Reports: DNI953099-DNI9: The Effects of Micro-Structure on the Rheology of Heavy Crude Oil

Iman Borazjani, PhD, State University of New York at Buffalo

Introduction and Objectives

Increasing energy costs have attracted oil companies to tap into heavy crude oil reserves. Heavy crude oil is a colloidal suspension of aggregates of many compounds (resins and asphaltenes), which give rise to very unusual rheological properties such as non-Newtonian behavior and very high viscosity. Such high viscosity leads to difficulties in the production/transportation of heavy crude oil. To optimize processes to lower viscosity and improve flow properties of heavy crude oil, a better understanding of the relationship between micro-structure and macro rheological behavior is required. Here we propose to study the effects of micro-structure (size, shape, polydispersity, concentration, etc.) on the rheology of heavy crude oil using state-of-the-art numerical simulations without the simplifying assumptions of previous theoretical models.


We use our well-validated, sharp-interface immersed boundary method to simulate colloidal suspensions of asphaltene with their experimentally observed micro-structure. We have incorporated the methods for calculating the particle stresses that affect the bulk stress of the suspension, from which the effective viscosity of the suspension is determined (Fig. 1). Moreover, we separately calculate different terms affecting the bulk stress, to identify the relative importance of different mechanisms of stress generation in the suspension.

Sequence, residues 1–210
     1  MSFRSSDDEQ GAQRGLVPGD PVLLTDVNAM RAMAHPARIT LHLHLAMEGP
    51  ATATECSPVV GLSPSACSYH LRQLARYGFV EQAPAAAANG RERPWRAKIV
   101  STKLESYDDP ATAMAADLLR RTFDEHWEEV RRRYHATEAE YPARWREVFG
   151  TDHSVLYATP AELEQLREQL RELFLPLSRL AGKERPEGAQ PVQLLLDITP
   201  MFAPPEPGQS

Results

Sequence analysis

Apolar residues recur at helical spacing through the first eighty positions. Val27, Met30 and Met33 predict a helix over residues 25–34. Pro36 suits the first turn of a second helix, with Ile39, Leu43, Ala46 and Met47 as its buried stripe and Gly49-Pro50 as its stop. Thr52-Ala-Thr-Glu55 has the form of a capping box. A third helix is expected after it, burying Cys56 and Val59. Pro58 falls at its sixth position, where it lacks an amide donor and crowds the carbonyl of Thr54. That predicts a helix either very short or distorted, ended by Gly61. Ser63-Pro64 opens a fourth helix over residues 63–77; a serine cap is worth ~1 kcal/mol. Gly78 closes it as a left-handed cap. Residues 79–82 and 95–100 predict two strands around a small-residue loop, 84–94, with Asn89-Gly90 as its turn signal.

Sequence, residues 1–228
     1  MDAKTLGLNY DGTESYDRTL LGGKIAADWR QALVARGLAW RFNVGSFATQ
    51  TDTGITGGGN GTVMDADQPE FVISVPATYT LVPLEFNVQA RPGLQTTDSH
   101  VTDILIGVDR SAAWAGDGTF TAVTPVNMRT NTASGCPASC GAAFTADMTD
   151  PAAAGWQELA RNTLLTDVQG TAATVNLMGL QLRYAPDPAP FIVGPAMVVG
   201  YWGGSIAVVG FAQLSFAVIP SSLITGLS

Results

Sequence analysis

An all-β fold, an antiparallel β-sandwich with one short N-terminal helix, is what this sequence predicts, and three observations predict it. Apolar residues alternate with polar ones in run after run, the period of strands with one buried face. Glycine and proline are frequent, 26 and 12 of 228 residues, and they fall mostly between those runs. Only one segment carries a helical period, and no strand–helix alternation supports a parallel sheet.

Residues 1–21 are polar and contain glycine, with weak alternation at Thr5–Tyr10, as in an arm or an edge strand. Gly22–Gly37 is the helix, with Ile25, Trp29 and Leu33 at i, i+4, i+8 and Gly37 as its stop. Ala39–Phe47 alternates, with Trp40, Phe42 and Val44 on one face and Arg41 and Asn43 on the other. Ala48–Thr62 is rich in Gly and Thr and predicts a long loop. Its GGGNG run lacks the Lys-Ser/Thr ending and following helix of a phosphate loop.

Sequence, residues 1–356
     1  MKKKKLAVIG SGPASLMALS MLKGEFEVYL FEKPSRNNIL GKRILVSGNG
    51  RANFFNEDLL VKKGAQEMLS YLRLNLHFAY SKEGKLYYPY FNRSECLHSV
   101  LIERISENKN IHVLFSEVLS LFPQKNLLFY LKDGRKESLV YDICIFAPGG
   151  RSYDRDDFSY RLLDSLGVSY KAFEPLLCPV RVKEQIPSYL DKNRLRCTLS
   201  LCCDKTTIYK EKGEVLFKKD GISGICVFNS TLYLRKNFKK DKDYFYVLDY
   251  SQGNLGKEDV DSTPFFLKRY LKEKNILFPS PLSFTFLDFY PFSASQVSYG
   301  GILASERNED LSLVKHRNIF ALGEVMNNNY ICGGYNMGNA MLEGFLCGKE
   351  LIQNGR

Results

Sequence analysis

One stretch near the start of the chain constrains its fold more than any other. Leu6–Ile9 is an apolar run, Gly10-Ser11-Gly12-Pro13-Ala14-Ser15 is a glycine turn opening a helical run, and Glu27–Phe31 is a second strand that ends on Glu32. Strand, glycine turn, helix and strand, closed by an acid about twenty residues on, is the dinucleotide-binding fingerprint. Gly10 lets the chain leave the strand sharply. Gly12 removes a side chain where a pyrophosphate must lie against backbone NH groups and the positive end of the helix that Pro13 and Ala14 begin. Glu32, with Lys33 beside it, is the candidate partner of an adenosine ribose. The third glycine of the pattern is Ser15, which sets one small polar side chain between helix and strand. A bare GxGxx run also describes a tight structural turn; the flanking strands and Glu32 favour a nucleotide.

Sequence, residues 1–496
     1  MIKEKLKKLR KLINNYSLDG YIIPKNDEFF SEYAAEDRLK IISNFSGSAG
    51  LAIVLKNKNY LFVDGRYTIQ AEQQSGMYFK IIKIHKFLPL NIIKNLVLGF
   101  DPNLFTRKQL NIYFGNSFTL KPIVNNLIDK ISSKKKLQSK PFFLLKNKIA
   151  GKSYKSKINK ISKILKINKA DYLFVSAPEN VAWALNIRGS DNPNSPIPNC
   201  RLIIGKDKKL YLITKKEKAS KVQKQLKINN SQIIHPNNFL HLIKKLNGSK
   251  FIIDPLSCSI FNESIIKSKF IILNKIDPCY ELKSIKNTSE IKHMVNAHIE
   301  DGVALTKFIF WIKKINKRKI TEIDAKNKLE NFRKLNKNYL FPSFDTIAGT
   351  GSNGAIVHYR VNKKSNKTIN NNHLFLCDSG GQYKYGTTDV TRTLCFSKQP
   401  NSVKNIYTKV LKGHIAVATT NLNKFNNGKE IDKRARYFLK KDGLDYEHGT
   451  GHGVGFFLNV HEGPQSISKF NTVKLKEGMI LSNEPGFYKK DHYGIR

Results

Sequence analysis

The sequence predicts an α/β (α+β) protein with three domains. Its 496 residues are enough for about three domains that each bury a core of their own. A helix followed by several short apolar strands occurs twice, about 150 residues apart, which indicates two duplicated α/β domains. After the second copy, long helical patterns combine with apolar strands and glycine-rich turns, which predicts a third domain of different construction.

Figure 1 Validations: The stresslet of an ellipsoid as a function of orientation θ at different Re compared with the Stokes solution. The insets show the streamlines and the vorticity around the ellipsoid at θ = 0, π/4, π/2, and 3π/4, respectively.

Our results show that a particle's shape can increase the particle stress by more than 50% relative to an equivalent axisymmetric particle-see next section. Therefore, we are extending our current numerical tools to simulate flows with many particles. The main challenge in simulating many particles with irregular shapes is identifying and modeling their collisions. In contrast to spherical particles, the collision of irregularly shaped particles cannot be determined just by the distance between their centroids. In our method, the collision is detected when the distance between two particles is smaller than a threshold. The distance between the particles are computed based by calculating the distance between their nodes they are discretized with. We use bounding box and control cell strategies to reduce the computational cost of this method. After we identify colliding particles, we need a strategy to model the collision. Here we model collision based on their coefficient of restitution by correcting the linear and angular velocities of the particles.